Does Sitting Time Decrease Your Lifespan (Even If You Exercise)?


by The Health Sciences Academy — Get free science updates here.


The greater amount of time that you give to sitting on your bum can land two significant things right on your lap. And neither of them is encouraging.

One is impaired health and the other is a decrease in your lifespan. Yes, this applies even if you are fit and exercise regularly. Sorry.

I know that isn’t very supportive news in the least bit; however, this is what’s in the “sitting” science that is being revealed more and more these days. The good news is that same level of science also offers us a remedy to getting healthier and living longer.

It turns out that getting up on two feet (i.e. standing) could be a good approach to better health and longevity!

You’re about to see how that act of standing, at the very least, can offer protection for your DNA and keep you young.

Let’s first cover the basics of what the act of sitting over time does to your body and then we’ll go into how you can help yourself recover and renew towards a better version of yourself.

How does sitting time impair health?

Sitting for continued periods of time causes your body and its systems to slow down or actually shut down at a metabolic level, says Marc Hamilton, Ph.D., professor and director of the inactivity physiology department at Pennington Biomedical Research Center.

When you don’t use your body parts, they become weak.

Sara Rosenkranz, an assistant professor at Kansas State University, studied the data of nearly 200,000 participants in The 45 and Up Study and said it best:

We’re basically telling our bodies to shut down the processes that help to stimulate metabolism throughout the day and that is not good… just by breaking up your sedentary time, we can actually up-regulate that process in the body.

We are designed to move

Dr. Hamilton goes on to point out that our bodies are designed to move, so when we don’t move this increases our risk of heart disease, diabetes, and mortality.

Makes sense, doesn’t it?

Have you experienced the physical effects of too much sitting for yourself? Maybe just feeling groggy and sluggish or even tightness in your joints and low back or ‘mushy’ abs?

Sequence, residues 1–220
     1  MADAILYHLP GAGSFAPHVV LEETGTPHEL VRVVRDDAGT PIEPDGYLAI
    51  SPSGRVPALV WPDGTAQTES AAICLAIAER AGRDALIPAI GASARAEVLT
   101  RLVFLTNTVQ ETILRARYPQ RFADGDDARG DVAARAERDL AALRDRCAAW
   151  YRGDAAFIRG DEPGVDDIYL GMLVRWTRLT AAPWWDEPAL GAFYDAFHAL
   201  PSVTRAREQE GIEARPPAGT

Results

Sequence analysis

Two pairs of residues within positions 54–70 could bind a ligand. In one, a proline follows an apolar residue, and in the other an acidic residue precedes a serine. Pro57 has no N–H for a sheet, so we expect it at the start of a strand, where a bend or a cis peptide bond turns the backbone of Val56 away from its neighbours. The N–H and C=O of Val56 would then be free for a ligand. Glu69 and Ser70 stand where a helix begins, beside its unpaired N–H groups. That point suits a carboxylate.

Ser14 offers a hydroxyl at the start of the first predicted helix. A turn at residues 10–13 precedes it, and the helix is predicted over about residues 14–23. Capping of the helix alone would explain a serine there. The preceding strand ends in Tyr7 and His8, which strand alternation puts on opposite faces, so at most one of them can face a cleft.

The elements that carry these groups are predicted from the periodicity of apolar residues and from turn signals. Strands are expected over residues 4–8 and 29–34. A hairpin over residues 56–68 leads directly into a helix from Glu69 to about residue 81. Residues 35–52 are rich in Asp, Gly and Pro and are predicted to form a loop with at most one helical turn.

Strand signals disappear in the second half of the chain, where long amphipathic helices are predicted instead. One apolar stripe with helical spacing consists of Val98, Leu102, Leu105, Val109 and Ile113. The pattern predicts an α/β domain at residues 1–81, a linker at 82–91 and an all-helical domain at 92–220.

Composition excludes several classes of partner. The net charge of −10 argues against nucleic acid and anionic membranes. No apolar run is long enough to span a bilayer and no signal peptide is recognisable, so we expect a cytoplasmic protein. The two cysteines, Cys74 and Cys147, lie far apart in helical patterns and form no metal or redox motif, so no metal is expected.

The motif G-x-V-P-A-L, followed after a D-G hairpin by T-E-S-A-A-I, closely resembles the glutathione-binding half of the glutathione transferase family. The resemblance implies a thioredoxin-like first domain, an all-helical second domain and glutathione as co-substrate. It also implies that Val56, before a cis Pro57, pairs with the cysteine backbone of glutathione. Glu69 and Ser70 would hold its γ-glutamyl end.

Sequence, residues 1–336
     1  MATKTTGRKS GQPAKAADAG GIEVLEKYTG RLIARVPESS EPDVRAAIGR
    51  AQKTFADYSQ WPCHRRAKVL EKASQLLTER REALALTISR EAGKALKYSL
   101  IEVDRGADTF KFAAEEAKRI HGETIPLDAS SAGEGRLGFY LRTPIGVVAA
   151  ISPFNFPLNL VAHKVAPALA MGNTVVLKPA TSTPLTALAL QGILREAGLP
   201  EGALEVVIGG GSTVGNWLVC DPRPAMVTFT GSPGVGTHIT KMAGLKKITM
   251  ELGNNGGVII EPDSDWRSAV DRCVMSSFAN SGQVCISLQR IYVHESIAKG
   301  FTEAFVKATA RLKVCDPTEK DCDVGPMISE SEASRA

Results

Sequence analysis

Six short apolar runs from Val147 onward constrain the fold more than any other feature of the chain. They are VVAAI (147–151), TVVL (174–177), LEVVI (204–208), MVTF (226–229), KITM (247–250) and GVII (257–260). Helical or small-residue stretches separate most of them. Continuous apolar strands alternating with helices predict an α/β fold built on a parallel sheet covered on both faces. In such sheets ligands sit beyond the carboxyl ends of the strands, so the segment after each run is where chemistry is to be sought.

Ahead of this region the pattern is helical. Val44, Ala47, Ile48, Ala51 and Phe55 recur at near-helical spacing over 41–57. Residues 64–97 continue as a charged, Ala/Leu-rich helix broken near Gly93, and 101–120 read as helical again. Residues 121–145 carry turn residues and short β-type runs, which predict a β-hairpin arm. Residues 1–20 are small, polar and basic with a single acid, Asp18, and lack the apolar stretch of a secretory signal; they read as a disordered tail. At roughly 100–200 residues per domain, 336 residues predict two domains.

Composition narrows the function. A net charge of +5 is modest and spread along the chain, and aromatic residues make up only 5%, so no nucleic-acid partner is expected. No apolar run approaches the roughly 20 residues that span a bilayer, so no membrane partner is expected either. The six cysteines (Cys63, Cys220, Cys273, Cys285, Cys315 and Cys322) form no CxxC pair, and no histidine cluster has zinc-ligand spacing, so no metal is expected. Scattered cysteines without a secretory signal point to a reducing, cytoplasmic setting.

Maybe you can relate to this.

Click here to get an excellent PDF download that details a chain of problems encountered from too much sitting time and also shows you both the wrong way and the right way to sit.

Sitting time increases the risk of cancer

The American Institute for Cancer Research associates extended sitting time with an increased risk of both breast and colon cancers, even among people who exercise daily!

Christine Friedenreich, PhD, of Alberta Health Services-Cancer Care in Canada, presented findings of the protective connection between physical activity and cancers. In the Alberta Physical Activity and Breast Cancer trial, Friedenreich and team concluded that exercise can be an option for breast cancer prevention.

That trial looked at the C-reactive protein, which is a marker of inflammation and linked to cancer risk. It showed that moderate to vigorous daily activity reduced C-reactive protein levels among post-menopausal women.

Even though it is unclear at the moment of exactly how inflammation increases the risk of cancer, we do know that inflammation produces chemicals called pro-inflammatory cytokines, which stimulate cell reproduction whilst suppressing cell death. These chemicals do contribute to cancer risk.